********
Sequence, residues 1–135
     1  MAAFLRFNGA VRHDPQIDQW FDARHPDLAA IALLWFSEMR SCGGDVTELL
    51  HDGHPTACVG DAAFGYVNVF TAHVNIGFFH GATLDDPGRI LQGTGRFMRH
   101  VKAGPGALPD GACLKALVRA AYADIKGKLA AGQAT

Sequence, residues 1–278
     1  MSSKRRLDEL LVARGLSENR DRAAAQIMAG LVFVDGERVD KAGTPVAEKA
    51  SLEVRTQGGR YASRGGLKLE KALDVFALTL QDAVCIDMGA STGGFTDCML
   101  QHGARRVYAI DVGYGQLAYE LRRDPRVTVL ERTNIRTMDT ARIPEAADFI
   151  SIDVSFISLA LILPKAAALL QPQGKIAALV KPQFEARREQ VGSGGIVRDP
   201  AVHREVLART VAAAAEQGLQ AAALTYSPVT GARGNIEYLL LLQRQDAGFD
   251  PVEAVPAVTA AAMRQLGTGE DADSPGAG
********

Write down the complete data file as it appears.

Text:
Sequence, residues 1–135
     1  MAAFLRFNGA VRHDPQIDQW FDARHPDLAA IALLWFSEMR SCGGDVTELL
    51  HDGHPTACVG DAAFGYVNVF TAHVNIGFFH GATLDDPGRI LQGTGRFMRH
   101  VKAGPGALPD GACLKALVRA AYADIKGKLA AGQAT

Sequence, residues 1–278
     1  MSSKRRLDEL LVARGLSENR DRAAAQIMAG LVFVDGERVD KAGTPVAEKA
    51  SLEVRTQGGR YASRGGLKLE KALDVFALTL QDAVCIDMGA STGGFTDCML
   101  QHGARRVYAI DVGYGQLAYE LRRDPRVTVL ERTNIRTMDT ARIPEAADFI
   151  SIDVSFISLA LILPKAAALL QPQGKIAALV KPQFEARREQ VGSGGIVRDP
   201  AVHREVLART VAAAAEQGLQ AAALTYSPVT GARGNIEYLL LLQRQDAGFD
   251  PVEAVPAVTA AAMRQLGTGE DADSPGAG